Luke Wehner, Aleisha Force, and Kenny Stevenson perform in the Coachella Valley Repertory production of “Hand to God.”

Where to See Live Theater in the Coachella Valley

Community theaters across the Coachella Valley open season with Broadway favorites, side-splitting comedies, and topical dramas.

June Allan Corrigan Arts & Entertainment

Luke Wehner, Aleisha Force, and Kenny Stevenson perform in the Coachella Valley Repertory production of “Hand to God.”

Luke Wehner, Aleisha Force, and Kenny Stevenson  perform in the Coachella Valley Repertory production of  “Hand to God.”

So much to see, so little time. It’s an apt description of the theater scene in the Coachella Valley. Whatever your taste, inclination, or age category, something will surely appeal, whether it’s a classic Broadway production or an all-new play about a timely subject. The desert has a wealth of performing talent, and its theatrical companies share a desire to make the area a theater destination.

“We’re trying to create an all-around, high-quality theatrical experience. We want to bring Broadway to the valley for the winter,” says Adam Karsten, executive artistic director at Coachella Valley Repertory. the nonprofit theater better known as CVRep in Cathedral City. This season, CVRep will present Cabaret, the comedy POTUS, and Nice Work If You Can Get It. The company’s venue, a former IMAX theater, seats 200 but feels intimate due to its large stage. “You’re never very far away, and there’s literally not a bad seat in the house.”

CVRep also accommodates stage readings of four new works annually through its Origins program. Now in its second year, Origins is a “page-to-stage” platform that results in one play premiering at the theater the following season. This time around, it’s Summer Session With the Bones Brigade. Effectively a hub for writers, directors, and actors to develop new works, the program also benefits CV Rep. “By collaborating with outside artists,” Karsten says, “we’re able to do what we do better and to find and create the next Broadway show.”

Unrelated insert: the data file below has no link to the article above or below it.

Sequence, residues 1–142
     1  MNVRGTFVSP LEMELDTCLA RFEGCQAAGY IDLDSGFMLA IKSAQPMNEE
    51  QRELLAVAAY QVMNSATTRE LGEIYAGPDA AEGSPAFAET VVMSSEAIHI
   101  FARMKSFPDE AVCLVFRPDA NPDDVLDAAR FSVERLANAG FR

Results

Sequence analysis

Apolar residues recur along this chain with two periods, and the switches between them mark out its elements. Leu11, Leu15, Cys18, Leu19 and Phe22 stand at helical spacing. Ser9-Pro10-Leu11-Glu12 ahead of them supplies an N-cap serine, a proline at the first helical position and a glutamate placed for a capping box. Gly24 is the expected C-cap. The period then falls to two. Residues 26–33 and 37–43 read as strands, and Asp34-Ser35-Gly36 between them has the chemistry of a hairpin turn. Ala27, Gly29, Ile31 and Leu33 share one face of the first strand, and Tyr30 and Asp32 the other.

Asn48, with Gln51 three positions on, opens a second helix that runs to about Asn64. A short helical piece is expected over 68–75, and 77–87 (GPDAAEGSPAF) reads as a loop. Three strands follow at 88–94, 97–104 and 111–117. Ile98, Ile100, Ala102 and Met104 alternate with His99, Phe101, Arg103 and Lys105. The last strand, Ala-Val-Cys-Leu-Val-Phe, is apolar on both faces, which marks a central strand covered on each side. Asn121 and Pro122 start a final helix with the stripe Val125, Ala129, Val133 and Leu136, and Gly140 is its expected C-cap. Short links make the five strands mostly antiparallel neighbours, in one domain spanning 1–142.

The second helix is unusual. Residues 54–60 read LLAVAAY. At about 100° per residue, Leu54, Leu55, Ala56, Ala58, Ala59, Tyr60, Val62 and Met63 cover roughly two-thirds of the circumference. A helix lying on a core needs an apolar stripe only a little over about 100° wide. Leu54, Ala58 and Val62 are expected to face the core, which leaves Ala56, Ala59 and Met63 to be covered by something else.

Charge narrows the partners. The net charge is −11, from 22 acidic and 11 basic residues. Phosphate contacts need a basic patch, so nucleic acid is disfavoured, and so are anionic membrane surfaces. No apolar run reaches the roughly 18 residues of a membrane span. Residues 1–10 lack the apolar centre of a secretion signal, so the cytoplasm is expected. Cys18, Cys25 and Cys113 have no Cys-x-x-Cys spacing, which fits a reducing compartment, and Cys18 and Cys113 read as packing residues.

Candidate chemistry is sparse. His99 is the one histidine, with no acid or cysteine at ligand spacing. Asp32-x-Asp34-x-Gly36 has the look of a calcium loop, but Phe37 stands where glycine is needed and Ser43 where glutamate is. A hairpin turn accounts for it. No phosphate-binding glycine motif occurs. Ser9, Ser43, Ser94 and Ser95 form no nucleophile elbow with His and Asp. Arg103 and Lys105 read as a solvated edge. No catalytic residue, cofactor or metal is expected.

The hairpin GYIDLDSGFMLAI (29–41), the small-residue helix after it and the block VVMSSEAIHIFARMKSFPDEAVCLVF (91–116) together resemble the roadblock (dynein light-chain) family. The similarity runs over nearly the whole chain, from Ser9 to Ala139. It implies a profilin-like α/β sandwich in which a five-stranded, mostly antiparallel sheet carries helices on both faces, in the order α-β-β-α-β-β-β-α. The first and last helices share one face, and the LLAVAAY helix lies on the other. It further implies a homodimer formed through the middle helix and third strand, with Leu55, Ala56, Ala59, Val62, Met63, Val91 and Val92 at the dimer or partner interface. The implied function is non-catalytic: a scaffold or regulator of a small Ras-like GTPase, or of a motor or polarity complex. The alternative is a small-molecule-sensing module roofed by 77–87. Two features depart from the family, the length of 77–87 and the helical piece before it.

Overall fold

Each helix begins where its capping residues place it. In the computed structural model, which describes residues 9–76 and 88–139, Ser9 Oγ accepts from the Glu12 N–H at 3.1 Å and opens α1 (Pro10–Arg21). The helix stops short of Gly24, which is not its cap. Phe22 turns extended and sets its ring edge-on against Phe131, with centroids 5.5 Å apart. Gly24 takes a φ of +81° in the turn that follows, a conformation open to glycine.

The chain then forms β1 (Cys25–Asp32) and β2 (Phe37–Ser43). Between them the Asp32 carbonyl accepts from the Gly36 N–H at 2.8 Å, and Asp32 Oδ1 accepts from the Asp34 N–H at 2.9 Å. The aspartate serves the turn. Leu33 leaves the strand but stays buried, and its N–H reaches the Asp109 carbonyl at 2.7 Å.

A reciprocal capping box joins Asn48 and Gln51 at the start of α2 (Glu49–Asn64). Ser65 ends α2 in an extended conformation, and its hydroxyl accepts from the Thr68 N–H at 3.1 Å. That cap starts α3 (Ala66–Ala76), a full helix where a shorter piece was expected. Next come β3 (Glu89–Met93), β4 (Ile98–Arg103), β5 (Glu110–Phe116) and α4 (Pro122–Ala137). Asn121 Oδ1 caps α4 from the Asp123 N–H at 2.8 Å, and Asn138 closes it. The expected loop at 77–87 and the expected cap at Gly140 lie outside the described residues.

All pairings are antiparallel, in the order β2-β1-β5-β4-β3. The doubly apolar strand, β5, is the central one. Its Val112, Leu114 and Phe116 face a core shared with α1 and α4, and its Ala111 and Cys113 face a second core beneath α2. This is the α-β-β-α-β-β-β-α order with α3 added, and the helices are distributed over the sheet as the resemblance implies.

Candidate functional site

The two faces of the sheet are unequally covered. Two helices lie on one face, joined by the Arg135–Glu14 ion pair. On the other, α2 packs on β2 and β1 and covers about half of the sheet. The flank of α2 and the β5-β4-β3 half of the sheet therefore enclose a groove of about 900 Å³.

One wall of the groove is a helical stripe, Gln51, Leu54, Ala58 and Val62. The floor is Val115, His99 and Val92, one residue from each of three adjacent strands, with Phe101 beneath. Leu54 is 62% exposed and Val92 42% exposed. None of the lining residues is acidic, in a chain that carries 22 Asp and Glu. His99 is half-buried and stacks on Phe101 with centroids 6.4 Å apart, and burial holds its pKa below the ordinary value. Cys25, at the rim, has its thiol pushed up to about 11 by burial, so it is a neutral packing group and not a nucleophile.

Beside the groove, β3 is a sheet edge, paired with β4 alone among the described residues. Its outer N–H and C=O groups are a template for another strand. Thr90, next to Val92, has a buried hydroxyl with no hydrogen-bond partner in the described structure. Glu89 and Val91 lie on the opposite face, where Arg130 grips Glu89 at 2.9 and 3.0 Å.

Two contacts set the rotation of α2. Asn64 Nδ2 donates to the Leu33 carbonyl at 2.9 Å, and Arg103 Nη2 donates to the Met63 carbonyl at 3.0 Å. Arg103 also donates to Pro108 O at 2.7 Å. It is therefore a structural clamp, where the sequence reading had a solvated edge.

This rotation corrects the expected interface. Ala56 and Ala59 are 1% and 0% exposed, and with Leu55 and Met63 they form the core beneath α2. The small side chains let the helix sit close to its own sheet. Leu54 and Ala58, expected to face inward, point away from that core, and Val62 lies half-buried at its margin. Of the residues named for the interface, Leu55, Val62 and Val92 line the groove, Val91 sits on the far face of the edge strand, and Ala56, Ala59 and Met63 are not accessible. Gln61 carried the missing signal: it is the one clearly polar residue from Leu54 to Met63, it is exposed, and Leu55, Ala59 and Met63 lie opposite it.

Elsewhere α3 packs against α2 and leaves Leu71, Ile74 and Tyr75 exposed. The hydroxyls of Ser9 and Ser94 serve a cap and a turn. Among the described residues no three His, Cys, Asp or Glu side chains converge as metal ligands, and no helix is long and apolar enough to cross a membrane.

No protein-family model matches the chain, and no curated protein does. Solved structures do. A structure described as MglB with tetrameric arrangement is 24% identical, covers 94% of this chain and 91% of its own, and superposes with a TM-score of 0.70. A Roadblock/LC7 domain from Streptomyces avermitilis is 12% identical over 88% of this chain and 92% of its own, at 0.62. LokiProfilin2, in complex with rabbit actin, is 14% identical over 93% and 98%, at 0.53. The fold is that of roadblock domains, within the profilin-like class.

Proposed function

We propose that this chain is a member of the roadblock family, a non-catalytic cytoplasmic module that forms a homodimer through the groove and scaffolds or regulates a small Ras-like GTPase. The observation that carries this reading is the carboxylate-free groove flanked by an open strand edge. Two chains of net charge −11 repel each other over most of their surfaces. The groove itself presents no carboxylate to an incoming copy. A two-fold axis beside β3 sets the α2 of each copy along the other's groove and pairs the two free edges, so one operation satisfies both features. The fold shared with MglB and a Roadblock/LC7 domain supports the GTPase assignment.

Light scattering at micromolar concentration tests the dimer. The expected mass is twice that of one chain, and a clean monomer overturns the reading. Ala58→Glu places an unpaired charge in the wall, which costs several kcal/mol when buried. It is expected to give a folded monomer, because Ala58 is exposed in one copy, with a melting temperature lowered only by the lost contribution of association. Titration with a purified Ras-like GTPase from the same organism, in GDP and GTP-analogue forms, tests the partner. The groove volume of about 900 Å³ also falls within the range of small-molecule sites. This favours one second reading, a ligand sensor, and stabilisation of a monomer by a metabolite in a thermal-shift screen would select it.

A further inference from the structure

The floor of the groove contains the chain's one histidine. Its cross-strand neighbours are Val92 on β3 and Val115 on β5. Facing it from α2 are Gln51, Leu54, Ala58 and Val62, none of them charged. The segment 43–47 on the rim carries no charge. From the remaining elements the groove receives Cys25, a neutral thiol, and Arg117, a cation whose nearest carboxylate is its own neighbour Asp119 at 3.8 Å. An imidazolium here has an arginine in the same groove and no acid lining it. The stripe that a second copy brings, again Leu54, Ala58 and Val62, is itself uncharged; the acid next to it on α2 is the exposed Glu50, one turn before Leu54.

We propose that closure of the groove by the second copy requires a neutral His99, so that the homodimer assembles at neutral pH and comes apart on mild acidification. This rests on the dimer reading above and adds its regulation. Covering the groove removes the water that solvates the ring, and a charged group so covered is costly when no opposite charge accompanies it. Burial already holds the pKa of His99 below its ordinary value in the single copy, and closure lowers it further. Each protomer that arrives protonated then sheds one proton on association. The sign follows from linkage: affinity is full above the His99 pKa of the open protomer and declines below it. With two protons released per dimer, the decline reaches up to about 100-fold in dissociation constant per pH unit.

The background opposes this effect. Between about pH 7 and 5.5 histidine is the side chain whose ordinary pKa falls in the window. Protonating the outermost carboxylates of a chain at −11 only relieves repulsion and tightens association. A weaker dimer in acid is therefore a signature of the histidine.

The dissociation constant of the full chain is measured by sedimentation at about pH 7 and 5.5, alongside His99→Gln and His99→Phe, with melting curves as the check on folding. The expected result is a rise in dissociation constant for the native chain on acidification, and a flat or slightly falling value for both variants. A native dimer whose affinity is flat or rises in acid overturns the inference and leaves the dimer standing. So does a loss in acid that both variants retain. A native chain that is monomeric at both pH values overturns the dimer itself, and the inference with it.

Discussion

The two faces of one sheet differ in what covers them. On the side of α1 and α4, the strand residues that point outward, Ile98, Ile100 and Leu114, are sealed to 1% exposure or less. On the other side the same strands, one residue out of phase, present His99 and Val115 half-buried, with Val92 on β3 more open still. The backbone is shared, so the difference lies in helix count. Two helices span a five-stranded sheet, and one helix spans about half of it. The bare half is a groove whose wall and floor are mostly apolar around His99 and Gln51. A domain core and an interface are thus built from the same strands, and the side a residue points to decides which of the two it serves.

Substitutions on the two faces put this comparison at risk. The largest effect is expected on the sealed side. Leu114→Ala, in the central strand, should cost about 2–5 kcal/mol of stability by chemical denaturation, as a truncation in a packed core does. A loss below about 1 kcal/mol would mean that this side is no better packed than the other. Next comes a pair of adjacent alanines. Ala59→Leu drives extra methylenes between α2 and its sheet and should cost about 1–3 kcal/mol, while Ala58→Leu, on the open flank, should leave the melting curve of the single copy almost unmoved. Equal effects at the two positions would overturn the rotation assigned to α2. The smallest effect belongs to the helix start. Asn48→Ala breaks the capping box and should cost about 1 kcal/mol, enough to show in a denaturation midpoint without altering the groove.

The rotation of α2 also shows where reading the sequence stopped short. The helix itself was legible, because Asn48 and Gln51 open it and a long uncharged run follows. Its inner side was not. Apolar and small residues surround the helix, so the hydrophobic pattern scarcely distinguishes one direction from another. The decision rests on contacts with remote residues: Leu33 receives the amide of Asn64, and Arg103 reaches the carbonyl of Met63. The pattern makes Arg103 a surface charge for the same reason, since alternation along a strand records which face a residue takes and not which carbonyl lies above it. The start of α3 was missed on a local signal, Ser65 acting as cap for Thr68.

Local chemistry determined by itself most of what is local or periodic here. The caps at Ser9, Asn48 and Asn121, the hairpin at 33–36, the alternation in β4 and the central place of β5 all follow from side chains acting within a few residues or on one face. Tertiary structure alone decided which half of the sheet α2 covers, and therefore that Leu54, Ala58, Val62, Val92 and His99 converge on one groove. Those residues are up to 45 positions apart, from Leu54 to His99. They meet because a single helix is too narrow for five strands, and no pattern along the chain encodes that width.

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CVRep’s production of “Fun Home.”

If your taste runs to thought-provoking themes, Dezart Performs will likely satisfy. The theater company, which started in a South Palm Springs art gallery and cultivated a salon-style atmosphere and now occupies the Pearl McManus Theatre at the historic Palm Springs Woman’s Club — produces innovative, contemporary plays more common to larger cities.

“I’m drawn to the disparities within the community and within our country specifically, and I try to address those issues,” says artistic director Michael Shaw. “I try to tell the stories of under-represented communities, whether it’s the LGBTQ+, Latino, Black, or Asian communities, etc. — stories that may not be told in a more commercial environment or setting. The theater’s tagline for the 2023–’24 season is “Dezart Performs: Fearless, Provocative, Inspiring Theatre” — and with plays such as What the Constitution Means to Me, A Case for the Existence of God, and Mr. Parker, the company will surely deliver.

This season, the award-winning theater has added a Sunday evening performance during each show’s run.